The History of Science Society (HSS) has announced that registration for the annual meeting and housing is now open:
Travel grants are also available to grad students, independent scholars, and recent PhDs, so be sure to avail yourself of the support out there!
Several of us are planning on driving together to Cleveland, which is just a day's drive, so consider joining us if you'd like to make the conference more affordable. The HSS annual meeting is a great opportunity to get connected with colleagues and get your research interests out there -- it's also a relatively low pressure opportunity to present, so keep it in mind for future papers.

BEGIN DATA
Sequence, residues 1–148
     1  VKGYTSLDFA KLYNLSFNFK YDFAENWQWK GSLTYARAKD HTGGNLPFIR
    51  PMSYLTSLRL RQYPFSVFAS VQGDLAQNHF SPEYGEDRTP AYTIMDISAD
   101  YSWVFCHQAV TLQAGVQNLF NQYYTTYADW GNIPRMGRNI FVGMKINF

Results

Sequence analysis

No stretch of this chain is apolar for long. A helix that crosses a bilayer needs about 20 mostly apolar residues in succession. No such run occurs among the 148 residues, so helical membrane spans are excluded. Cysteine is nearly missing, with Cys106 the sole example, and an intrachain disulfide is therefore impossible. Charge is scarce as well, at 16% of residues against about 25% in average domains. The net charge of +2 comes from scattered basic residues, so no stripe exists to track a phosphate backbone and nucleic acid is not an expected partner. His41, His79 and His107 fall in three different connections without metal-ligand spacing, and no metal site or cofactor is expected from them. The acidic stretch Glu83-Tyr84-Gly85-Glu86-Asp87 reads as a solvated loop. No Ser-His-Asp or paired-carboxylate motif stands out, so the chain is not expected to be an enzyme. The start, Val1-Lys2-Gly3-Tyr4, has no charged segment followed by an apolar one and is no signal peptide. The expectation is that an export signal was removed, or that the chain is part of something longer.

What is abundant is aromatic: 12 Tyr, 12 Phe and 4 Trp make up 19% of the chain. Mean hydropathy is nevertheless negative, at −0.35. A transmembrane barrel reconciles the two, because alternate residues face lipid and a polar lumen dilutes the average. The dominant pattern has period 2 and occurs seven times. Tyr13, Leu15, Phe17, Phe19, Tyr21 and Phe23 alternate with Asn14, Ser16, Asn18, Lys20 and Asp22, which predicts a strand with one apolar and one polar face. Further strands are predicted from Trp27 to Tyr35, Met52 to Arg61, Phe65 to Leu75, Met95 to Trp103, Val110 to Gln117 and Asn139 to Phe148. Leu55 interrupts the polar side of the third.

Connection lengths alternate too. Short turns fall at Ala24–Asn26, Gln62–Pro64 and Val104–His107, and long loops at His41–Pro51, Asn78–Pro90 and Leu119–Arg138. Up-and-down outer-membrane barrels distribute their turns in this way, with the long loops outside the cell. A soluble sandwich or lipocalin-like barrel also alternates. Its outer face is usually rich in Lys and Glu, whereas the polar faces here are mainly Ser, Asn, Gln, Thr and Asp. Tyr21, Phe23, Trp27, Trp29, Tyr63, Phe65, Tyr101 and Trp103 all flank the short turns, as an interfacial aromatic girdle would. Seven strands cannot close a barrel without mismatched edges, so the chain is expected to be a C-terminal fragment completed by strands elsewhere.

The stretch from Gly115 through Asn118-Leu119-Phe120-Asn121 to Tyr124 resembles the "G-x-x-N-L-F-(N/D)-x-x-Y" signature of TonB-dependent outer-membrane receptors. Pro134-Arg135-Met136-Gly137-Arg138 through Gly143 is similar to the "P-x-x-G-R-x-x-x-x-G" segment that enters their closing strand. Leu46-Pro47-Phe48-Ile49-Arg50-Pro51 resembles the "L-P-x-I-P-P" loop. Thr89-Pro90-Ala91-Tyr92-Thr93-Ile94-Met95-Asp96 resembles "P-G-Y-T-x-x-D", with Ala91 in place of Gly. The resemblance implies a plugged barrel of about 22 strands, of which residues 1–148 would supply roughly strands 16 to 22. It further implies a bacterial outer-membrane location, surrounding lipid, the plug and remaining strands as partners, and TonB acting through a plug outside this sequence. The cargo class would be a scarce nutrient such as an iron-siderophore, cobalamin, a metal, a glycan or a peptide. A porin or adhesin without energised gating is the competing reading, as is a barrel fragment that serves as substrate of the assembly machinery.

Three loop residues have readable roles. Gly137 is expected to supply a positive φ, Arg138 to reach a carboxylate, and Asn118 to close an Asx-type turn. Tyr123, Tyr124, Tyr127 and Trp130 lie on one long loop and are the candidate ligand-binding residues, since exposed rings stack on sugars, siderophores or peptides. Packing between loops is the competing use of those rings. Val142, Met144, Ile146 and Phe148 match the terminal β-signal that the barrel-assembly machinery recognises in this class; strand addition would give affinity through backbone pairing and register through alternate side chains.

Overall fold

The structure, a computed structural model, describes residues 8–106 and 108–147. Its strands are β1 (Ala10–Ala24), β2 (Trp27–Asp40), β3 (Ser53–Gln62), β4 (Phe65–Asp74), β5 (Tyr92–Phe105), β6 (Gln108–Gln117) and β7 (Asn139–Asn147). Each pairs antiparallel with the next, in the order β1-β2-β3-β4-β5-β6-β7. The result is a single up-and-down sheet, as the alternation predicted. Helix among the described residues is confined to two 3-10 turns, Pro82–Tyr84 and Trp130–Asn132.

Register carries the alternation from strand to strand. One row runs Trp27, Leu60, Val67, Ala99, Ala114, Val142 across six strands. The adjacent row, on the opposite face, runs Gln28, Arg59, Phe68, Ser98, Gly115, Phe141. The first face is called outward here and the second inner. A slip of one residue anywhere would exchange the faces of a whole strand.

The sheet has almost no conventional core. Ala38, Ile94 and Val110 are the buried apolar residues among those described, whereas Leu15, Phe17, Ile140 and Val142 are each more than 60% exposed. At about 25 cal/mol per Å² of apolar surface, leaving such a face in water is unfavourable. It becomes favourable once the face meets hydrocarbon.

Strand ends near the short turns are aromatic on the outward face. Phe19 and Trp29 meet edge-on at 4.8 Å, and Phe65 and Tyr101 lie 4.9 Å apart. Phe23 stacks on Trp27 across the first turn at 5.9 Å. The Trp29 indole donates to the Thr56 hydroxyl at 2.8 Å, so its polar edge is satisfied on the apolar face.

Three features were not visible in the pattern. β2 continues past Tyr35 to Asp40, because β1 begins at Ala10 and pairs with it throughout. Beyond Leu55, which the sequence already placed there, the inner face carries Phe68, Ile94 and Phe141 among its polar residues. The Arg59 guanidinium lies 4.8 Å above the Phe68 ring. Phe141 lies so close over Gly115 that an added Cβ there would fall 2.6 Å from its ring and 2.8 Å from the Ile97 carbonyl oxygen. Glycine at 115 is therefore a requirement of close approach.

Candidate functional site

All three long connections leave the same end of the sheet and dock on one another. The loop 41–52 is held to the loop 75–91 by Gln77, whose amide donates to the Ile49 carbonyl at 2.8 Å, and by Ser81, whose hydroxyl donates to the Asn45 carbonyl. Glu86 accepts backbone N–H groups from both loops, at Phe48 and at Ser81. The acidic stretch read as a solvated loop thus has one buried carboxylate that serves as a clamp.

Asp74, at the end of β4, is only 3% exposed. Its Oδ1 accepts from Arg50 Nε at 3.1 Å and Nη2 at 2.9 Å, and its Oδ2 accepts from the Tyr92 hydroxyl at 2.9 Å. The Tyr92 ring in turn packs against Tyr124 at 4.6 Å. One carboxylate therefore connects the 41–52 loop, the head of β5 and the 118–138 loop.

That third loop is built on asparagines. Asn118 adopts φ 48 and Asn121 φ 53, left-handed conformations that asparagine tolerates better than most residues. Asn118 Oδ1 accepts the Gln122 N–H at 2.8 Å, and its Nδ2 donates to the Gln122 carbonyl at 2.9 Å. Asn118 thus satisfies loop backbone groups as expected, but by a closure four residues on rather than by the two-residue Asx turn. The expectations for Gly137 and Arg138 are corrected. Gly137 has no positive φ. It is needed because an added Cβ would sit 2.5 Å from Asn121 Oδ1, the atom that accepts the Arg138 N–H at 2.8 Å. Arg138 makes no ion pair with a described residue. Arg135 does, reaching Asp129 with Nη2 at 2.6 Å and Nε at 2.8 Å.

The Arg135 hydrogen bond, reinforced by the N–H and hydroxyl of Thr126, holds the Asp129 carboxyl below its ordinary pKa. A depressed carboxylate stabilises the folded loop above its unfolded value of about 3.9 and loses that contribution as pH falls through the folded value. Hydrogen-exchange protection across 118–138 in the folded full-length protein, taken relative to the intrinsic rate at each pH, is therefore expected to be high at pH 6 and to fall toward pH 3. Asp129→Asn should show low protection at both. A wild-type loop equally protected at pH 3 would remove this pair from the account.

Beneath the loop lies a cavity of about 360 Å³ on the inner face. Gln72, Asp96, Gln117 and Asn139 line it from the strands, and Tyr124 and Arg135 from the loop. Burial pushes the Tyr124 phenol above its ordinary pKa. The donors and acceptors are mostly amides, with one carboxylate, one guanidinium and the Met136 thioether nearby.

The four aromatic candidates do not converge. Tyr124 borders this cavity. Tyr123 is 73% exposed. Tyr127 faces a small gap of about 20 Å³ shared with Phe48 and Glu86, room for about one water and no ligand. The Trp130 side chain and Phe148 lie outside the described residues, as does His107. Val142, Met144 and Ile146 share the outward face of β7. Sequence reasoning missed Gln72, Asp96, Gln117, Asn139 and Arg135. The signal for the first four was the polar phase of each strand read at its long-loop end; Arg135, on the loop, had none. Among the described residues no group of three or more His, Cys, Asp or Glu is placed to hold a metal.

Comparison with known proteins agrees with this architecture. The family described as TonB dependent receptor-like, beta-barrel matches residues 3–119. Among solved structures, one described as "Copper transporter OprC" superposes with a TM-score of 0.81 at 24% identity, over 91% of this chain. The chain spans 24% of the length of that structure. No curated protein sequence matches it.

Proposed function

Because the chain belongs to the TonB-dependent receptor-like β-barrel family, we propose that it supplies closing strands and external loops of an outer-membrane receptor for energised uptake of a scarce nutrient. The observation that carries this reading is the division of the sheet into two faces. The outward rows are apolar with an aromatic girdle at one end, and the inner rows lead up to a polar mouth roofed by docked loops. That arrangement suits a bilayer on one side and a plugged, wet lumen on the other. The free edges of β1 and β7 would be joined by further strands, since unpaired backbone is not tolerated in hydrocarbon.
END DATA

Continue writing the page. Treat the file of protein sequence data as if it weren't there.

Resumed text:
Wednesday, July 20, 2011
Tuesday, July 19, 2011
I recently posted about an image of what appeared to be an early-modern musical instrument that harnessed the vocal stylings of live animals. I had found the image in Gaspar Schott's 1657 Magia universalis at Memorial Library's Special Collections. I am still working on my Latin, so I was unclear whether or not this was actually a musical instrument. Turns out it was! The more popular form of which was the "cat organ" or "cat piano." In fact, this musical instrument has its own wikipedia page. As always, the truth is stranger than fiction.
Many thanks to Darwin blogger Michael Barton, who has posted an impressive list of blogs and twitter feeds related to the history of science, medicine, and technology:
from the quill of Scott Prinster at 7/19/2011 11:27:00 AM